When Petra was named a UNESCO World Heritage Site in 1985, Petra Bedouin tribespeople who had made homes for themselves within the city’s remaining ruins were forcibly relocated by the Jordanian government.
In the early 2000s, the site was named one of the “Seven New Wonders of the World,” leading to a spike in tourism. Since then, efforts have been made to protect the ruins of Petra from heavy tourism, as well as damage from floods, rain and other environmental factors.
After the eighth century, when Petra was largely abandoned as a trading center, its stone structures were used for shelter by nomadic shepherds for several centuries.
Only in 1812, the unique ruins of Petra were “discovered” by Swiss explorer Johann Ludwig Burckhardt. He described the ruins of the once-great city in chronicles of his travels.
With the western world now aware of their existence, they soon attracted the interest of architects and scholars, among others. Starting in 1929, British archaeologists Agnes Conway and George Horsfield, as well as scholars Tawfiq Canaan and Ditlef Nielsen, launched a formal project to excavate and survey Petra.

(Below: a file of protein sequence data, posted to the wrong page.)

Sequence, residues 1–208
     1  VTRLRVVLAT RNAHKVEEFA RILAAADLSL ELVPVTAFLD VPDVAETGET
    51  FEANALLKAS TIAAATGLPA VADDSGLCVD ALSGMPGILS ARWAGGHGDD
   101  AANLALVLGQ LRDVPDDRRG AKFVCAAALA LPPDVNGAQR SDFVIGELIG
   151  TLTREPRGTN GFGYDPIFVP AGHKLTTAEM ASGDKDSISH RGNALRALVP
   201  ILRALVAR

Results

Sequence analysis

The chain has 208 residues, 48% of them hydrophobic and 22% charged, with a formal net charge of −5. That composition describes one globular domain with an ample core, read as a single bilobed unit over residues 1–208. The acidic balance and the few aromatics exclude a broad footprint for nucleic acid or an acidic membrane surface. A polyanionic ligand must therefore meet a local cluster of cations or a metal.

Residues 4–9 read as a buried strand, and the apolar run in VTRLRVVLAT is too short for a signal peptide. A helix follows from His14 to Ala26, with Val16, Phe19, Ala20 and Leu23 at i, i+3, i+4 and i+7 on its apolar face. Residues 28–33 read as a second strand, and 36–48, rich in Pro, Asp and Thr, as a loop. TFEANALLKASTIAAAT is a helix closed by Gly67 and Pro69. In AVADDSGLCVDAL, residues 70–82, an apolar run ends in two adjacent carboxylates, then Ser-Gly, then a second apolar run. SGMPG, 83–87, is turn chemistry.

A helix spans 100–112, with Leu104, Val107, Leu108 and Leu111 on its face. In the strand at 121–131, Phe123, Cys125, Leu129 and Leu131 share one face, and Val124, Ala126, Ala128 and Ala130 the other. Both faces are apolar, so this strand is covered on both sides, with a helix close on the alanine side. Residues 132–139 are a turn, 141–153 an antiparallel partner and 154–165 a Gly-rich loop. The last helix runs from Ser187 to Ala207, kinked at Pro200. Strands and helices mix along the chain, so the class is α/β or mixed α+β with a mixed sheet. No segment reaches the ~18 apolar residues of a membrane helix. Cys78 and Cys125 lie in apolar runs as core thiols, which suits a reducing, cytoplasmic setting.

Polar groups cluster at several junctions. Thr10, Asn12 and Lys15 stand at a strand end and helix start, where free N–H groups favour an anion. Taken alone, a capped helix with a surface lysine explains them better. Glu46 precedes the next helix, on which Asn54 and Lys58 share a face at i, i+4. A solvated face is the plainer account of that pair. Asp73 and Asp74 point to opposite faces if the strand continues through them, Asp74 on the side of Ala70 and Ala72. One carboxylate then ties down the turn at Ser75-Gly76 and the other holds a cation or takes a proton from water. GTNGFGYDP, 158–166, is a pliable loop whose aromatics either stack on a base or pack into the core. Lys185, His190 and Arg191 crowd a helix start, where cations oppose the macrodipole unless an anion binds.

Getting to the famed Petra Treasury involves a 2.2 km walk from the Petra Visitor Center. The first 1.2 km of the journey is along a wide canyon with ruined temples and buildings on either side. The views along this route can easily be overlooked as everyone is rushing towards the Treasury but it shouldn’t be. Many of these buildings represent the best version of the Nabatean architecture.
There are few ways to explore Petra:
1. On foot/walking. It is the best way but be realistic on time needed and fitness level. The weather also plays important part. We were in Petra late October and temperature is pleasant around 20C
2. Horse ride. There is a horse ride offered from Visitor Center to the horse stable which is only 1.2km
3. Horse Carriage from Horse stable to Treasury. The walk to Treasury from visitor center is slightly descending so it is a nice walk. I don’t recommend taking a horse carriage on the way to Treasury because the horse is carriage is speeding down to get to the Treasury and you will skip the beauty of walking thru the Siq and the rush excitement to see the Treasury. Most people take the horse carriage on their way back. If you intend to do so you need to be at Treasury the latest by 5pm. We reached Treasury at 6pm on our way back and they were gone by then.
4. By Camel. You will see them when you arrive at the Petra Treasury. They also make a good photo opportunity as they sit in front of the Treasury. You can hire them to visit the lower levels of Petra. The camels are an iconic symbol and tend to be better cared for than the horses. They are allowed at the entrance to Petra for photo opportunities.